While this seems like a win for military justice and the victim, I argue this is not. Kepner did not pled guilty to anything resembling sexual assault and “was sentenced to four months in prison by a military judge” being “able to retire with a distinction of honorable service in June of 2016”. So, Kepner assaulted multiple women, made a plea deal with prosecutors, served less than half a year in prison and was able to retire with full honors and benefits? This is not any form of real, true, long-lasting justice.

Upon his retirement from the Army, Kepner moved to Florida and in January 2017, joined Valencia College in Orlando, Florida before becoming the “director of the college’s advanced manufacturing program” according to an investigation done by the Orlando Sentinel. According to their investigation, Kepner was fired from Valencia College after an administrative report came to the conclusion he fostered “discomfort and uneasiness in the office … yelled at employees in front of others [on multiple occasions]” and made racist remarks by stating to Hispanic instructors there were too many Hispanics on staff and that, when a Muslim instructor stated in his [Kepner’s] presence “he knew Syrian refugees who would be great additions to the university … [Kepner responded] if these individuals would be making bombs”.

Kepner now works as the Director of Military and Veteran Student Success at the University of Central Florida, having been in this role since July 2022. In this capacity, Kepner now works in assisting student veterans on the UCF campus, developing “programs and opportunities” for veteran success throughout the Orlando and Central Florida area while also creating “an enriching and inclusive environment for military-affiliated students”.

In neither case of obtaining a position with Valencia College or the University of Central Florida did Kepner disclose he had been convicted of assault, providing only a “copy of his certificate of release from active duty, where only one line near the bottom of the form indicates that his retirement had to do with what the military deemed unacceptable conduct”. In August of 2023, UCF admitted they found “weaknesses in UCF’s hiring process” which directly led to Kepner’s hiring and, while “investigators did identify discrepancies in Mr Kepner’s disclosures to UCF [they] found no evidence that this was an attempt to conceal information or deceive UCF”.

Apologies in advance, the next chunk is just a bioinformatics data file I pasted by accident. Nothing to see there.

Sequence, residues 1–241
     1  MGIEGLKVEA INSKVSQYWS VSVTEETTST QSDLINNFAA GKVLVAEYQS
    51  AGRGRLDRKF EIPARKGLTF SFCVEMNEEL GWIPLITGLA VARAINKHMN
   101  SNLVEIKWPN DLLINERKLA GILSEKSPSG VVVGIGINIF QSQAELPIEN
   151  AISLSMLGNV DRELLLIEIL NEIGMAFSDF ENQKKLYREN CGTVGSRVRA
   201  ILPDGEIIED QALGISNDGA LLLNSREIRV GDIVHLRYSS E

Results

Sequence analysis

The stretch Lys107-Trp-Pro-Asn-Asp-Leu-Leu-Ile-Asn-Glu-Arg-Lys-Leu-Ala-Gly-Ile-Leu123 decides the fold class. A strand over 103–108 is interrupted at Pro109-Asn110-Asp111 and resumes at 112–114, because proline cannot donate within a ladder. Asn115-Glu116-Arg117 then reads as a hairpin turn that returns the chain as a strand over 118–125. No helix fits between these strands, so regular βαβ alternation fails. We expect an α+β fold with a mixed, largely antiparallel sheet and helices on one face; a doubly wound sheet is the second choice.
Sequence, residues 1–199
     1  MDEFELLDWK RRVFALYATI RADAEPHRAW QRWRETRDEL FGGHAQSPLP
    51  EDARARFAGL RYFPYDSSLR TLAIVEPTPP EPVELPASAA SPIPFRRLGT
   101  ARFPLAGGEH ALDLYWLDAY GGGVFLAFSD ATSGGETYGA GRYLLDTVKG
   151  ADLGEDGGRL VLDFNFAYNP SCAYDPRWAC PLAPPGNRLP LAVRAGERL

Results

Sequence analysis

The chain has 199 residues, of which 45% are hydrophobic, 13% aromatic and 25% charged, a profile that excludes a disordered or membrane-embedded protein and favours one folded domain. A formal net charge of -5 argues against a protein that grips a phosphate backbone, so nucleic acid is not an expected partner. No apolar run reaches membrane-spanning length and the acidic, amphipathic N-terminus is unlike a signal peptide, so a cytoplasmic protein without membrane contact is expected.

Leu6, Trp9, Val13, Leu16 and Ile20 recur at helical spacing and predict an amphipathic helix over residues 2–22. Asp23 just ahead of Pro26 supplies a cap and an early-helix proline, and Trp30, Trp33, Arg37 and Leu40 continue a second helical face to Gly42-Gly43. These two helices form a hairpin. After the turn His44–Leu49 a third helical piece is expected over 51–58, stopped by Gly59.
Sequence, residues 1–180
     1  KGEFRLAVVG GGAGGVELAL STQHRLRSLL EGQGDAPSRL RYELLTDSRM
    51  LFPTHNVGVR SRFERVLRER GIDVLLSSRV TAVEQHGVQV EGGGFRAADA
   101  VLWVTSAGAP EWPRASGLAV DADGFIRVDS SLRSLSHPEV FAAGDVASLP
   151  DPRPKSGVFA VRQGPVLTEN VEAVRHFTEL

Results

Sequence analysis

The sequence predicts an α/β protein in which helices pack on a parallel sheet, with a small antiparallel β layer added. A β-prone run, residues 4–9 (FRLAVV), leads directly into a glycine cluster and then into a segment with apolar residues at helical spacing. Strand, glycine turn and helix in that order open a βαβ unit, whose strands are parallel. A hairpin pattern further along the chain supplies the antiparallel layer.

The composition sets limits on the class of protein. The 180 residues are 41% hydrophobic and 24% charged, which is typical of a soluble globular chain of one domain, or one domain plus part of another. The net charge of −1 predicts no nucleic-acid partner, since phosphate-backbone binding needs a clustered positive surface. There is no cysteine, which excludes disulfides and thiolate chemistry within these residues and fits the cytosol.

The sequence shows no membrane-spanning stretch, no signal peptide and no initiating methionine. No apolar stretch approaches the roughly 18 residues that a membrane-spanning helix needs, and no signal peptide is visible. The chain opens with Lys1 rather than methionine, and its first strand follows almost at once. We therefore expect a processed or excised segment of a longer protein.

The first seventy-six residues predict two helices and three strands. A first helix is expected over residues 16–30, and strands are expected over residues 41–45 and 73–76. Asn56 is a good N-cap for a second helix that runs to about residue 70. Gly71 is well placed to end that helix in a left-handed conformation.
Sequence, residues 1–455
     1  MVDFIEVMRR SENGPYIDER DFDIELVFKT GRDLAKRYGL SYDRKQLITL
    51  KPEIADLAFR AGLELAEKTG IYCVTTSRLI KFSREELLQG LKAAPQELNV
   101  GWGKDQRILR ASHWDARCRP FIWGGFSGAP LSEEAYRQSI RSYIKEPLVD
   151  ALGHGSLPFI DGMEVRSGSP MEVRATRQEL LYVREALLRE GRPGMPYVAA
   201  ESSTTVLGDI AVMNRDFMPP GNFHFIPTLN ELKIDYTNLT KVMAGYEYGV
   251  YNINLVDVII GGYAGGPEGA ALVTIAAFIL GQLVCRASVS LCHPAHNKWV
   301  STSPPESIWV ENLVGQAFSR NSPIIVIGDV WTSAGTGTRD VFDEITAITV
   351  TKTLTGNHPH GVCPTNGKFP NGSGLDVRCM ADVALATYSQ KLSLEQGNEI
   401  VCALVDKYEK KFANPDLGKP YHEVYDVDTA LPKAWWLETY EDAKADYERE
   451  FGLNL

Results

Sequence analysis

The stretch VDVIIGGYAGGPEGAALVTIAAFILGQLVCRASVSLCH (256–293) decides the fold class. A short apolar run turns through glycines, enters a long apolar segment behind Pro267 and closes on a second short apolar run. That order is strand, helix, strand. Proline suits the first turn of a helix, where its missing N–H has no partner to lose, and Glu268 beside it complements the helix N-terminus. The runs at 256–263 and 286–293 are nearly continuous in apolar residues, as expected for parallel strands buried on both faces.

As of September 2023, Michael D. Kepner II is still on the staff of UCF with an honorable discharge, military pension, and a military conviction for assault. His story is indicative of many individuals who commit egregious acts of sexual assault and harassment while in the service. They receive a slap on the wrist in terms of punishment and are effectively able to go about their daily, post-military life without much trouble.

How Do We Ensure Justice is Dealt?

Many individuals escape justice for their crimes. They are never brought to court, they are never named publicly, they are never brought before a jury of their peers and forced to hear the details of their life-altering crimes against another person heard. Those that are may receive a slap on the wrist or no punishment whatsoever, being able to leave the service with an honorable discharge, a pension, or their reputations intact.

In the Kepner case, he pled guilty to an assortment of crimes which eyewitness testimony (and criminal investigators) believed were sexual in nature. No matter the claims provided by Kepner that this was locker room talk or that his blatantly sexual comments were not intended to be sexual, I argue it is quite apparent that his comments fully were sexually abusive, harassing, and that had the other party indicated a desire to sleep with him, he would have done so. Despite this, despite a criminal conviction by a military court of law, Kepner is still able to live an incredibly normal, rewarding, and presumably financially profitable life while remaining a pillar within the Central Florida veterans’ community.